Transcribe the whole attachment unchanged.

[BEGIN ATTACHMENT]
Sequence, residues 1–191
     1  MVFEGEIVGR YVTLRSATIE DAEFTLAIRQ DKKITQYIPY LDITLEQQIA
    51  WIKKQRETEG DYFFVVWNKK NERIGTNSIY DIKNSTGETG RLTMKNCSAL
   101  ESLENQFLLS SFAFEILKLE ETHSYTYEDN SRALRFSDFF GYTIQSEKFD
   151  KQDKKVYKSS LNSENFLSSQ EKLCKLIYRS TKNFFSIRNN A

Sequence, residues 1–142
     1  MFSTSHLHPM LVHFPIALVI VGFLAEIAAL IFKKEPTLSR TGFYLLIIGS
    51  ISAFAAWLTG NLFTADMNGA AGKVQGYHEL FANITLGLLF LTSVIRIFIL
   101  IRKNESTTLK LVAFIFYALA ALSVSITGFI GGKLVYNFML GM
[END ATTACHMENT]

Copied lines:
Sequence, residues 1–191
     1  MVFEGEIVGR YVTLRSATIE DAEFTLAIRQ DKKITQYIPY LDITLEQQIA
    51  WIKKQRETEG DYFFVVWNKK NERIGTNSIY DIKNSTGETG RLTMKNCSAL
   101  ESLENQFLLS SFAFEILKLE ETHSYTYEDN SRALRFSDFF GYTIQSEKFD
   151  KQDKKVYKSS LNSENFLSSQ EKLCKLIYRS TKNFFSIRNN A

Sequence, residues 1–142
     1  MFSTSHLHPM LVHFPIALVI VGFLAEIAAL IFKKEPTLSR TGFYLLIIGS
    51  ISAFAAWLTG NLFTADMNGA AGKVQGYHEL FANITLGLLF LTSVIRIFIL
   101  IRKNESTTLK LVAFIFYALA ALSVSITGFI GGKLVYNFML GM